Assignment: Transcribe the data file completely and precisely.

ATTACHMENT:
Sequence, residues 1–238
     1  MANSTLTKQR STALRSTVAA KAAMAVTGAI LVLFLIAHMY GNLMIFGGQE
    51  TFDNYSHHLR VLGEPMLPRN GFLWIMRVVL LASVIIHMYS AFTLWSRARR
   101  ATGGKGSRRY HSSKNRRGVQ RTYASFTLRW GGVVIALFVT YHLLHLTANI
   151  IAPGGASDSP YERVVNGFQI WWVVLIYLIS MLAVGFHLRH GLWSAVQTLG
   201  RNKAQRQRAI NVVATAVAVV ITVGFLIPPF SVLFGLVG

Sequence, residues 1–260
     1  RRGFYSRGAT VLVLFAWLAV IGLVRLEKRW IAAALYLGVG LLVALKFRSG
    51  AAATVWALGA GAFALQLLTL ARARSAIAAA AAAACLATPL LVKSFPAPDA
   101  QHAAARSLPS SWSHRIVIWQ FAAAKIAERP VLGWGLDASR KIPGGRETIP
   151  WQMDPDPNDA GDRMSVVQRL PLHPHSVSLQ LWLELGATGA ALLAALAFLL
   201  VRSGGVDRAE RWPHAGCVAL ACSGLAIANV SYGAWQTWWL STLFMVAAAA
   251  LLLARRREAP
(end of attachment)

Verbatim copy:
Sequence, residues 1–238
     1  MANSTLTKQR STALRSTVAA KAAMAVTGAI LVLFLIAHMY GNLMIFGGQE
    51  TFDNYSHHLR VLGEPMLPRN GFLWIMRVVL LASVIIHMYS AFTLWSRARR
   101  ATGGKGSRRY HSSKNRRGVQ RTYASFTLRW GGVVIALFVT YHLLHLTANI
   151  IAPGGASDSP YERVVNGFQI WWVVLIYLIS MLAVGFHLRH GLWSAVQTLG
   201  RNKAQRQRAI NVVATAVAVV ITVGFLIPPF SVLFGLVG

Sequence, residues 1–260
     1  RRGFYSRGAT VLVLFAWLAV IGLVRLEKRW IAAALYLGVG LLVALKFRSG
    51  AAATVWALGA GAFALQLLTL ARARSAIAAA AAAACLATPL LVKSFPAPDA
   101  QHAAARSLPS SWSHRIVIWQ FAAAKIAERP VLGWGLDASR KIPGGRETIP
   151  WQMDPDPNDA GDRMSVVQRL PLHPHSVSLQ LWLELGATGA ALLAALAFLL
   201  VRSGGVDRAE RWPHAGCVAL ACSGLAIANV SYGAWQTWWL STLFMVAAAA
   251  LLLARRREAP